|I’ve been writing the still point since 1982; its earlier incarnation lasted for 77 roughly bimonthly issues (the last one appearing early in 1994), written for ALPS, an apa (amateur press association: kind of a paper version of an Internet mailing list) comprised of science fiction fans who were also music fans. In the last two years, I have been going to a lot of rock shows in small New York clubs, and was thus drawn out of a long fallow period where I hadn’t paid much attention to current popular music. I got excellent response to the still point from musicians, labels, and local music fans, and the inevitable next step seemed to be to take the still point to the next level.|
|I intend to cover live music in New York rock’n’roll clubs, a few selected shows in other cities, as well as associated recorded music. In a quarter century of listening to, thinking about, and writing about current popular music, I have found it to be true (and never truer than right now) that there is always more good music out there than one can possibly absorb, if one knows where to find it; and I hope to spread the word about what I have found.|
|What does the title mean? I hear the Voice from the Audience say. The phrase comes from T.S. Eliot’s poetic masterpiece Four Quartets, where it designates that peak human experience (“the moment in and out of time”) when—however briefly—we feel divorced from our bodies, our consciousness of self suspended, in a state of ecstasy, either mental (meditation) or physical (cf. whirling dervishes). That’s the reason for the phrase “sex and drugs and rock’n’roll”: all of those activities can produce that experience. As Eliot says, “Except for the point, the still point, / There would be no dance, and there is only the dance.” Even more to the point: “you are the music / While the music lasts.” That’s the still point.|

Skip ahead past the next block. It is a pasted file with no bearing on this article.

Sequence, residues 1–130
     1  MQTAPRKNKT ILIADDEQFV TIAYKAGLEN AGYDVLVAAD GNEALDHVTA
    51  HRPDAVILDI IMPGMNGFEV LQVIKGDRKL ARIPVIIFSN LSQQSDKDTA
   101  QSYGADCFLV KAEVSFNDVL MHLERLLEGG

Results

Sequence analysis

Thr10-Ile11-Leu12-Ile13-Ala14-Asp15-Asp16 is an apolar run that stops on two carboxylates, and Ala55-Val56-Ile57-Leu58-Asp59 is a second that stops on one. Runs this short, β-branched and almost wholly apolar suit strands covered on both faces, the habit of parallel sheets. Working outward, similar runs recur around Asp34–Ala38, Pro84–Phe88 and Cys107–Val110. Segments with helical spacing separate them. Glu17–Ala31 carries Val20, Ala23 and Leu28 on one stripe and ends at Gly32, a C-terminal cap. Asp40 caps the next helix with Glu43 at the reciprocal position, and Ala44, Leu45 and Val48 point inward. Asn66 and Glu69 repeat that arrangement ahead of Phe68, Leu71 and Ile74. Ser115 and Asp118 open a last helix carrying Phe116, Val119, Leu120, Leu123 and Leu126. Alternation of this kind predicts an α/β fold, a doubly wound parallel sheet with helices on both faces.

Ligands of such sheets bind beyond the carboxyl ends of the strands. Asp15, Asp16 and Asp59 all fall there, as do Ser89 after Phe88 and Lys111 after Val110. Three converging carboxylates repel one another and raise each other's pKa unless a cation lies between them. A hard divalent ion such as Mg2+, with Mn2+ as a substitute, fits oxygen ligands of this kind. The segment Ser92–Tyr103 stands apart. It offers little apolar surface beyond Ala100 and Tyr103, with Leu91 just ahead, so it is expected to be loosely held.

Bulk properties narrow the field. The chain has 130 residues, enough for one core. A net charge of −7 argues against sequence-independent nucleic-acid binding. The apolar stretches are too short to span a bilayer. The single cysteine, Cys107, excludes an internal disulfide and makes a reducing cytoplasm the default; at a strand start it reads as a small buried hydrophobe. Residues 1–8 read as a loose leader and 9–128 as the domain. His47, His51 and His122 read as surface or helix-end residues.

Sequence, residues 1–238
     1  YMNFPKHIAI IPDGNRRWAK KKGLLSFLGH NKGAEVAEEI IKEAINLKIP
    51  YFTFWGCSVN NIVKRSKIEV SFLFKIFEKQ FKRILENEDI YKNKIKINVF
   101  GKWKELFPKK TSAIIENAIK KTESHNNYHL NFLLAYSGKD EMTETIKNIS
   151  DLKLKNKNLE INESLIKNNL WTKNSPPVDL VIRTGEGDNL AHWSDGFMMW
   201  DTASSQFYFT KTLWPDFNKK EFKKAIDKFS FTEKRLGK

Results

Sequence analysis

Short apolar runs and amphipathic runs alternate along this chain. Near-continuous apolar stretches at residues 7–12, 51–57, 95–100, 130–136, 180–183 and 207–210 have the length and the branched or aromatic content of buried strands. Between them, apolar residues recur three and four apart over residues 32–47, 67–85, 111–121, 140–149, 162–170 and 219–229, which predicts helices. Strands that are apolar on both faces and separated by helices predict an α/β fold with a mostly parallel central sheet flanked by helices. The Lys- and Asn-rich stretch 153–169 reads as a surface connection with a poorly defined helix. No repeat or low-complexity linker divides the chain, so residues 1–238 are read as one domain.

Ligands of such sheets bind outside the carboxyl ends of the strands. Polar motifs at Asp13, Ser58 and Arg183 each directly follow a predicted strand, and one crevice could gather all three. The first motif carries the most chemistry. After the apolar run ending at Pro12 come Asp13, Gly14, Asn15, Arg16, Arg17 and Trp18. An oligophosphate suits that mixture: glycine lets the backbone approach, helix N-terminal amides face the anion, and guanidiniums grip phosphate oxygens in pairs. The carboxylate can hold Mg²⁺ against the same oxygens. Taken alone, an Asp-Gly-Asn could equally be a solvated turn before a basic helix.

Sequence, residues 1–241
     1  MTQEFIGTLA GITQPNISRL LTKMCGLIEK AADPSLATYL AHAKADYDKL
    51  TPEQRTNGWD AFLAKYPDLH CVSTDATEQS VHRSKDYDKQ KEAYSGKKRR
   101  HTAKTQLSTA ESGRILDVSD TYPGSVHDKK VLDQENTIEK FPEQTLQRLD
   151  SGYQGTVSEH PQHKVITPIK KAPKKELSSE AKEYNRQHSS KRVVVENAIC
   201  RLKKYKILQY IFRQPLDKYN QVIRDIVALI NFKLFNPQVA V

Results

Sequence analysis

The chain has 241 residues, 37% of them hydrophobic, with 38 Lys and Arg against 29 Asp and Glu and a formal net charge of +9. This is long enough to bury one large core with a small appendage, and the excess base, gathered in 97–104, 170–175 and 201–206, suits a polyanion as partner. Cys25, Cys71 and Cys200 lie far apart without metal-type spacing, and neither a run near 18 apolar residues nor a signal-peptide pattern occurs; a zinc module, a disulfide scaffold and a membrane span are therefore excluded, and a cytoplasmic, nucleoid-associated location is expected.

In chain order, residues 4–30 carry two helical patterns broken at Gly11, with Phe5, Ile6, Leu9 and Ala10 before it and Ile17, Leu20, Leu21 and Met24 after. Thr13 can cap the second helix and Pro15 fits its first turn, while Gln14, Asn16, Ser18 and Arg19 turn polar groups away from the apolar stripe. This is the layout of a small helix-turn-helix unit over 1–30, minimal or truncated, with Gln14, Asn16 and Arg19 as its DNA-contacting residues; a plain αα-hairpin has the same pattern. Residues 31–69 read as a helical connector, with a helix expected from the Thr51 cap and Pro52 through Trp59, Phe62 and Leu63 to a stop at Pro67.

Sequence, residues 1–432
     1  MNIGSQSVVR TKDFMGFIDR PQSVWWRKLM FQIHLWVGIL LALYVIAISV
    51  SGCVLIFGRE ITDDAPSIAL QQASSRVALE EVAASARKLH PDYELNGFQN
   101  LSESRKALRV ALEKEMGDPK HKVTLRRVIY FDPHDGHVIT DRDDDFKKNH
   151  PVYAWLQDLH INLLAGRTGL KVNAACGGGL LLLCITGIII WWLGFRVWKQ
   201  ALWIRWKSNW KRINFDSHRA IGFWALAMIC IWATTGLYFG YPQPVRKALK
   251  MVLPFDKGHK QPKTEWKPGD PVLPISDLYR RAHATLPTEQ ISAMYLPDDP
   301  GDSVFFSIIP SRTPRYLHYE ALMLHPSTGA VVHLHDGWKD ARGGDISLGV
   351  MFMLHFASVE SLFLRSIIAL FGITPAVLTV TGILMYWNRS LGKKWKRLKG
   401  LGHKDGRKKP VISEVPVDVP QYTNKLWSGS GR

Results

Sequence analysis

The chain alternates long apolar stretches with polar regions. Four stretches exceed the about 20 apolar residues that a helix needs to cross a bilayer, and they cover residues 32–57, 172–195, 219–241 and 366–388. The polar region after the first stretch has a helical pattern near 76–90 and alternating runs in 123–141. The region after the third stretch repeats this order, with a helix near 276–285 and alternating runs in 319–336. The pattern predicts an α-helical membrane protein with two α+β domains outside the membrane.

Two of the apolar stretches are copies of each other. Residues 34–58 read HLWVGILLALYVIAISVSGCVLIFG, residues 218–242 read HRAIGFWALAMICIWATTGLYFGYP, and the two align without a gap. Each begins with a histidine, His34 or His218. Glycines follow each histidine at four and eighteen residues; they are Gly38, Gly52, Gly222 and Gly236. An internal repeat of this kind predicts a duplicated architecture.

|A word on my angle of gaze: I focus on musical texture and architecture,
and while I won’t deny that there is a narrowness to that angle, I apply
it to a relatively wide spectrum of music, from current guitar pop to folk
to avant-garde jazz to quite forbidding contemporary classical compositions.
Some may find my approach relentlessly technical; and it is. But believe me, I’m not quite as technically informed as a casual glance might suppose, and I make an effort to keep technical language to a minimum. But still, it’s the actual nuts and bolts of the music that most engage my attention.
I plead guilty to slighting lyrics to the point, often, of ignoring them; but as I feel that the preponderance of rock criticism—ever—overemphasizes lyrics, I feel no need to apologize for my compensating bias.
You’ll find little or none of the overarching cultural critique that seems so de rigueur in most pop music writing: I’m not interested, for example, in discussing Sleater-Kinney from a gender perspective (as “women in rock”), nor from a political perspective (as “riot grrls”) nor from a narrowly genre perspective (as “punk”); I prefer to consider them simply as rapidly-developing musicians already of extraordinary interest, as creators of memorable musical experiences.